Cabaret Festival

Circa and Katie Noonan: Love-Song-Circus – 2012 Adelaide Cabaret Festival

Presented by Katie Noonan and the Adelaide Cabaret Festival
Reviewed Friday 15th June 2012

The multi-talented Katie Noonan has been working for a long time on her latest project and has now brought it to Adelaide for the Cabaret Festival. She is well known, of course, for her sensational voice, and those that saw her with guitarist Karin Schaupp at the Guitar Festival would be aware of her wide ranging musical interests. Not only do we get plenty of opportunity to hear her singing but we also giving the chance to listen to her equally expert piano playing in this poignant and often very sad production.

Katie Noonan’s concert was inspired by seeing a collection of love tokens, created by engraving messages on Cartwheel pennies, which were made of soft copper and easily marked. These were sent by convicts to their loved ones, from who they had been separated. Her research brought forth many stories of the women who were transported, which she has brought alive in this extensive work.

The format of the concert was a series of songs with occasional instrumental interludes which, although each segment was applauded, gave the impression that Noonan’s intention was that the piece be presented uninterrupted. One felt that she expected applause only at the end, in the same way that in a chamber or orchestral concert the individual movements are not applauded, only the complete works. This idea of it being a piece of chamber music was strongly indicated by the facts that we were given a programme on entering that explained the concert, and that Noonan spoke not a word from start to finish. At the same time, of course, this meant it was about as far from being a cabaret performance as you could possibly get, but so have many other events this year.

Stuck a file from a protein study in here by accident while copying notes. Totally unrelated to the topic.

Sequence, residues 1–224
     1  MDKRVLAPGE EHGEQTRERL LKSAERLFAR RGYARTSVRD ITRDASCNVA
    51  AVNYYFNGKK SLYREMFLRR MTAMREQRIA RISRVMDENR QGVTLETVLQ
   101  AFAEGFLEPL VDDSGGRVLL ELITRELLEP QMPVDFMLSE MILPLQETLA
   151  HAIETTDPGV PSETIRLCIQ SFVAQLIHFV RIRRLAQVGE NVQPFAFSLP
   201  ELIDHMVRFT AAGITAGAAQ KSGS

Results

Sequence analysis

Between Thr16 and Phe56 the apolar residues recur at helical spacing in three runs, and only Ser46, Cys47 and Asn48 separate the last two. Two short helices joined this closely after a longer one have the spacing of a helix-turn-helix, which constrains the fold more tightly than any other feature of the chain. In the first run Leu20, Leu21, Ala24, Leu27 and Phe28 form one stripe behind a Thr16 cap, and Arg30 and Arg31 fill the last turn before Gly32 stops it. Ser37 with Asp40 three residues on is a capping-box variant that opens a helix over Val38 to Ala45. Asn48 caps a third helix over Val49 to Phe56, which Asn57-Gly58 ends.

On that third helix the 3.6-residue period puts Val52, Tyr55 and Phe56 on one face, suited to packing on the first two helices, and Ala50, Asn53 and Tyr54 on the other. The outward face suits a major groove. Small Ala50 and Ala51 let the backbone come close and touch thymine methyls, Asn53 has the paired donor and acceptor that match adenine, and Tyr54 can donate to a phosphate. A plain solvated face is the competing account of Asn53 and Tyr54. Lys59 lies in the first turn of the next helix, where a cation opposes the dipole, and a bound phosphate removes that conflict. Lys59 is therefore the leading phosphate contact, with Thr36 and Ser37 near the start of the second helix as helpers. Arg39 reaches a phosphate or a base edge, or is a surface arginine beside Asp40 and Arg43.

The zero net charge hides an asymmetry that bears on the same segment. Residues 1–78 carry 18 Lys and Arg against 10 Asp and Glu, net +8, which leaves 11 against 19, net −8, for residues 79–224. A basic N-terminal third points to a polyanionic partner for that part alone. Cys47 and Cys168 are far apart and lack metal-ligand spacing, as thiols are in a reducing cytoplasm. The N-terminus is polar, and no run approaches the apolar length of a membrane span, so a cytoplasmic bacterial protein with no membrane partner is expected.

Katie Noonan took centre stage at the piano, with the Tulip String Quartet to one side of her, and Benjamin Hauptmann on guitar, dobro (resonator guitar), mandolin and tenor banjo, and Zoe Hauptmann on double bass, to the other. Behind them was an area where the three members of Circa, Kathryn O’Keeffe, Kimberley Rossi and Billie Wilson-Coffey performed their intricate acrobatics and aerial acts.

The music for the string quartet, Benjamin Greaves, first violin, Sarah King, second violin, Belinda Williams, viola, and Louise King, cello, was orchestrated by Steve Newcomb, resulting in some fine chamber music that pushed the quartet, particularly Greaves, who was continually asked to play harmonics.

The three Circa members combined acrobatics and aerial work with balancing and dance, party modern ballet and extending at times into contemporary dance. Acting rather like a visual version of the Greek chorus, commenting on and expanding the stories being told in song, they did tend to also draw focus away from the music at times by their amazing abilities and the beauty of their movements and poses.

Jazz and folk influences came from the Hauptmanns, the jigs being a reminder that many of the convicts transported to Australia were Irish. All of the music was written by Noonan, a few in conjunction with others, aside from the traditional song in 6/8 jig time, Female Transport. She has such a formidable ability to be able to embrace so many styles and to blend them into one concert. A fascinating concert work that should, with its connection to the fine music genre, properly be called a song cycle.

Reviewed by Barry Lenny, Arts Editor, Glam Adelaide.

Cabaret Festival web site – Circa and Katie Noonan

Venue: Dunstan Playhouse, Adelaide Festival Centre, King William Road, Adelaide
Season: ended
Duration: 1hr 10mins

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